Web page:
An Ode to Madness

Six days ago, on March 8th (not a coincidence), Netflix viewers were treated to another binge fest opportunity in the form of the second season of Jessica Jones, based on the Marvel heroine of the same name. Created by a woman (Melissa Rosenberg), and directed mostly by women (12 out of 13 episodes), it was a testament to girl power but also a visual treat for us men who could enjoy Krysten Ritter's doe-eyed beauty in portraying the emotionally fragile protagonist, or Rachael Taylor's fierce and sexual good looks comparable only to that of a lioness, in her role as Trish.


Whereas the first season of the show was marked by a compelling and intelligently written story, terrifying villain, a chilling horror atmosphere and a masterful exploration of the theme of rape, thus making it, in my opinion, the best out of all the Marvel shows aired on Netflix, it also raised the bar pretty high. So high in fact that it was pretty unrealistic to expect a repeat. Instead, we got 13 hours of quality program with enough room for some underlying philosophy to stick out just enough to catch our eye and be subjected to analysis.


The main concepts explored in the second season are power and insanity. The heroine, Jessica, is blessed, or cursed we should rather say, with exceptional strength and a healing factor, as a result of an experiment she never agreed to. She is in a position to use her gifts for helping those in need, but instead she wallows in depression and alcoholism accompanied by violent mood swings and a cynical outlook on life. She is an empowered woman but is far from deriving happiness out of it. This is a subversive take on the classical optimistic depiction of a hero (in the comic books Jessica is happily married to Luke Cage and they have a child together).


Her adopted sister Trish is miserable precisely because she does not possess Jessica's powers. Her obsession with them goes so far that she refuses to get engaged with Griffin, a perfect man. Because that would reinforce the white knight stereotype. Instead, she goes on a ridiculous crusade of 'getting justice' that bizarrely gives birth to the whole season two plot. She brings about the ruin of her career and causes the death of many people in the process, thus echoing the want for craziness present in a song that she made.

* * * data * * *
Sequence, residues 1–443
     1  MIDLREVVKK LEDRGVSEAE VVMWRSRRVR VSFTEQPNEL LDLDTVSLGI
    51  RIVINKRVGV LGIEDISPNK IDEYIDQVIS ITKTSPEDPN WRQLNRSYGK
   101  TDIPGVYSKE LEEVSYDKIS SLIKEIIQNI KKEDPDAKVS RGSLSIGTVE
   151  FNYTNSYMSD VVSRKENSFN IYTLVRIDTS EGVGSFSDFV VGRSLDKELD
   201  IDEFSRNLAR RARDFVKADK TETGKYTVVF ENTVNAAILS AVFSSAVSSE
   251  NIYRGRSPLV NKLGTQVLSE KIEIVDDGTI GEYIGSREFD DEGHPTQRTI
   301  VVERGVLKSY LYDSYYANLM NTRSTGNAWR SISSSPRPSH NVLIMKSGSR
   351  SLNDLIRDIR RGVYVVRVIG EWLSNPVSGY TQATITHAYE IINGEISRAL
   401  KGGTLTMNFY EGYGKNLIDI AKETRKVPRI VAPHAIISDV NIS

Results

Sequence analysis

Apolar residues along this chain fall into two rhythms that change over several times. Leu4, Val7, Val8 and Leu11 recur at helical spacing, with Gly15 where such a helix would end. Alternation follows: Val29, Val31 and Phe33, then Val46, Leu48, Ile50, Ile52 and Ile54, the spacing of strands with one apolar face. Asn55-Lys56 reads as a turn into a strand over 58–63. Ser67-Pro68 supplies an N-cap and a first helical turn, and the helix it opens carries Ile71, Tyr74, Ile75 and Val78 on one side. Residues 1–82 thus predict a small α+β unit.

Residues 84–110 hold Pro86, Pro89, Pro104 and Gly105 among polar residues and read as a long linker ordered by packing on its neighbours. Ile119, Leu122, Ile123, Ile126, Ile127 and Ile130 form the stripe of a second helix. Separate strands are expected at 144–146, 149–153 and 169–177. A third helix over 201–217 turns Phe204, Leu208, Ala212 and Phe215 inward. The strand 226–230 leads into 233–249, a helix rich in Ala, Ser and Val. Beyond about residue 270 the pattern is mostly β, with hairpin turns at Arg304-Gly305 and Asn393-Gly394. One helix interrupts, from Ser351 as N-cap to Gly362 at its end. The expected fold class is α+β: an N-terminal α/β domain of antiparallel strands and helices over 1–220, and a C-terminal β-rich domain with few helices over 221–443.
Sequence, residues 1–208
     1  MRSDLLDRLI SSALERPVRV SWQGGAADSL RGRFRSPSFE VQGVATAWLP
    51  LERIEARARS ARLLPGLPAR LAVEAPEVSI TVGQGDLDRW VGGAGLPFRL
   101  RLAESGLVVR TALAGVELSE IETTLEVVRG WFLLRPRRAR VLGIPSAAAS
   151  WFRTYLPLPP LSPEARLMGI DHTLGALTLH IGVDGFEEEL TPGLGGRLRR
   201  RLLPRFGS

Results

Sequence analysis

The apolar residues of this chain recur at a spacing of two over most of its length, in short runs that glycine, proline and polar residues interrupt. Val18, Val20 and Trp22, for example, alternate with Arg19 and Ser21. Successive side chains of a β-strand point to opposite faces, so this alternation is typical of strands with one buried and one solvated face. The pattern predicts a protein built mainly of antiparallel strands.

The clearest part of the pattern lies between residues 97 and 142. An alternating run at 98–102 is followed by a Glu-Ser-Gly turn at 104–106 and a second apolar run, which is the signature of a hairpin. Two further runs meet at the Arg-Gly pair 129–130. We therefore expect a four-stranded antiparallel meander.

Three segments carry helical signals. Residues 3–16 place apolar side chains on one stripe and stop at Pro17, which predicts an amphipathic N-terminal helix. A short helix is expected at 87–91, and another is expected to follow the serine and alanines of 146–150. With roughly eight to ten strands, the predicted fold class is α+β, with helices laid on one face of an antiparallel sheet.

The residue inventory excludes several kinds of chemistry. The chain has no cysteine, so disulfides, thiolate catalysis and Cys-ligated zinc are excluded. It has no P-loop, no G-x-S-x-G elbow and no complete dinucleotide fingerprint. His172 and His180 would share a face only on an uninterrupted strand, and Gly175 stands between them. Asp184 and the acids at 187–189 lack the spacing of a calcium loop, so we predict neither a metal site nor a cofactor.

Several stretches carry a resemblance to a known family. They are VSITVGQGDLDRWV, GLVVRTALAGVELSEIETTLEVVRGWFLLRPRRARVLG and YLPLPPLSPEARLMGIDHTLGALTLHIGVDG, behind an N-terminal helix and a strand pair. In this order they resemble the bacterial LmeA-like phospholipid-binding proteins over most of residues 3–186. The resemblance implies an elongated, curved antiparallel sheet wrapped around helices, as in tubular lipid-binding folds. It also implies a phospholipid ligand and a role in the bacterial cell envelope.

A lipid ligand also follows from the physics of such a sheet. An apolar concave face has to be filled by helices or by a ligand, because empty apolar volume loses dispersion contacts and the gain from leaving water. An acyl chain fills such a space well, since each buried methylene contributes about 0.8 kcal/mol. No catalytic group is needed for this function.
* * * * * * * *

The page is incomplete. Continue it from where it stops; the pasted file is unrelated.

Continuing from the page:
If female empowerment originates from feminism then the celebration of madness or schizophrenia comes from postmodern/neo-Marxist philosophy. It, madness, is also present in the show's villain and is the result of genetic tampering, something that person has no control over but that is, along with being endowed with great power, one of her most defining characteristics. The show seems to play with these ideas, ideas of a (modern) woman becoming crazy due to gaining empowerment, but also becoming powerful on account of being hysterical or obsessive. There is also the traditional idea of a woman finding her purpose in love for a man, a choice that is put before both Jessica and Trish. Trish refuses due to her being cray cray, Jessica out of necessity and due to external factors.


Another female character in the show, Jeri Hogarth (played by Carrie-Anne Moss - Trinity from The Matrix), a ruthless lawyer and self-made woman, also a lesbian, is one more example of the subversion of traditional Western values in favor of a highly cynical outcome. Struck by a devastating illness, she is on the verge of losing everything she ever worked for in her life. At one point she comes across a miraculous healer who she believes cures her of her disease. She is ready to become a humanist and start helping others, turn a new leaf and stop being self-centered and manipulative. It turns out the healer was a fraud and a grifter. There is no change of ways and opening yourself up for altruism after all, just revenge on the scammers and a return to Machiavellianism.


The season ends on a bitter sweet note, with something of a reactionary ending, that didn't come about as a result of a conscious choice. It seems to eat its cake and have it too, with 'I'm crazy, moody and single but that's okay' philosophy on the one hand and 'Maybe forgetting all this feminist crap and settling down with a guy isn't such a bad idea after all' on the other, in a sort of reluctant acceptance of the Sex and the City scenario.

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